I have worked with Personal Computers ever since the introduction of the IBM PC in 1981. I have worked with all versions of DOS and versions of Windows since the introduction of Version 3.1 (to be honest, I was not a huge Microsoft fan until Windows 95 was released). I have since gained considerable experience in installing and configuring all flavours of Windows. I don't claim to be an expert on all user software but I do have personal experience of most of the software published by Microsoft and other major publishers.
Although I don't profess to be a hardware engineer, I have in the past had to discourage one of my clients from cancelling his existing hardware maintenance contract, as, having watched me pull PCs to bits and rebuild them, he was confident I could perform a superior job to his existing supplier. The fact that I did not keep an inventory of relevant spares did not worry him as he felt that, nine times out of ten, "you fixed the damn thing anyway". I think his confidence in my skills was a trifle misplaced but, nevertheless, I appreciated his enthusiasm for my abilities.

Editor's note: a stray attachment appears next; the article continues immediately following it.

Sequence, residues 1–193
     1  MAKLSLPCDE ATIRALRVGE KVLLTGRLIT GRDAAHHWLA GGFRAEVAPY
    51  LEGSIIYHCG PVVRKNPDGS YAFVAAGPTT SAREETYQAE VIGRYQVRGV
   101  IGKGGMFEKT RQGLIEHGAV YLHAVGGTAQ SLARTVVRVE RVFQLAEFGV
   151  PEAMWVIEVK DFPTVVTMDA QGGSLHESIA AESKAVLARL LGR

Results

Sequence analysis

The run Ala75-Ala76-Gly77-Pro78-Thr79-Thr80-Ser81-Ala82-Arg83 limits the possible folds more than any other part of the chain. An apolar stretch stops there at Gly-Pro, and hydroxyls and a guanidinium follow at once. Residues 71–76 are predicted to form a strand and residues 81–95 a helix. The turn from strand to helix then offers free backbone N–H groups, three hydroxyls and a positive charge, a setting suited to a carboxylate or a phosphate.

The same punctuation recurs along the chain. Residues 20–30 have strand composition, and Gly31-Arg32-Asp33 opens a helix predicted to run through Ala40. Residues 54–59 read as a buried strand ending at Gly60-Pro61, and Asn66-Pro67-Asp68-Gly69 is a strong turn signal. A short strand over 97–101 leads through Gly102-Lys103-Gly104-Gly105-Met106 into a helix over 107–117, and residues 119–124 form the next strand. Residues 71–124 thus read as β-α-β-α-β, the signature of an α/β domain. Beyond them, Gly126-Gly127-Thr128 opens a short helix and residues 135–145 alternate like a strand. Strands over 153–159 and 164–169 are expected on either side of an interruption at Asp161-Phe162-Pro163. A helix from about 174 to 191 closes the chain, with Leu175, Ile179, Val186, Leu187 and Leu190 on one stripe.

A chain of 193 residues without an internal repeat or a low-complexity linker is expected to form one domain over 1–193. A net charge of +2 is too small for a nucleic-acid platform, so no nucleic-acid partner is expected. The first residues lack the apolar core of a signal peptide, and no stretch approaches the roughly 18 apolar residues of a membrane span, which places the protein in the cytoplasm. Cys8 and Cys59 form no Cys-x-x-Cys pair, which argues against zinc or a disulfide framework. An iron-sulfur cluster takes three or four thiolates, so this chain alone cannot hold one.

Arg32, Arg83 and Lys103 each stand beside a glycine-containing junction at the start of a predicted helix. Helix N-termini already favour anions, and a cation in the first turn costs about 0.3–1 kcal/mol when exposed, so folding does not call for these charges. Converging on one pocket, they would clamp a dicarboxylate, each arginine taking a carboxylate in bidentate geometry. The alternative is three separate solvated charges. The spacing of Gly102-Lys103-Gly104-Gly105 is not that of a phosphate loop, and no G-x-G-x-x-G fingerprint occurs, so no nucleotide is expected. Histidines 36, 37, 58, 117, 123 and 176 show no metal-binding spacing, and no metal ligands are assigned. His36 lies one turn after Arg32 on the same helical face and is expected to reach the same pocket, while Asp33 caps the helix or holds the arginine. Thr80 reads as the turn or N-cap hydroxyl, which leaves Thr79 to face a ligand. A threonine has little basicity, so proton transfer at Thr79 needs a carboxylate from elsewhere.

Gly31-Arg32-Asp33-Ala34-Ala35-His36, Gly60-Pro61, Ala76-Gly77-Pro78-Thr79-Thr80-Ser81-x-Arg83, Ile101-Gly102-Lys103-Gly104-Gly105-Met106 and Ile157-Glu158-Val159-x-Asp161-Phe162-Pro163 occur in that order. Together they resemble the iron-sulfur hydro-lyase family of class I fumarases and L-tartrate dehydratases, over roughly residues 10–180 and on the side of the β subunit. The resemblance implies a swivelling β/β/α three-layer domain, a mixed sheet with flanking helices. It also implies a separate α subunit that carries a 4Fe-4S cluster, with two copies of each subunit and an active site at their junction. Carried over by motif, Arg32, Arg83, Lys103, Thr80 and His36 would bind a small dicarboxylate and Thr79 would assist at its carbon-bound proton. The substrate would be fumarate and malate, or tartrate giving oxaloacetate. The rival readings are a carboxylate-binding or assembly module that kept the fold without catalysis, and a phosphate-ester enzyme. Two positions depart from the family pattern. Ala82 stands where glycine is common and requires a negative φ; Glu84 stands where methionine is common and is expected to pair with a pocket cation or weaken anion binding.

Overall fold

Although I refuse to become involved in the sale of hardware or software (my independence is important to me), I am more than happy to advise clients on such purchases based on previous experience. If requested, I can help the client select suppliers based on price, support, or locality.
Most of my clients have networks that I have either installed and configured or I maintain. Today, most small networks utilise the inbuilt networking features of Windows, are connected to the internet by a broadband connection and can be cabled or wireless.
My previous experiences as the Group Systems Manager of a FTSE100 company, has given me considerable insight into the selection, installation and day-to-day use of various network-wide applications such as backup, antivirus, and email/internet to the desktop.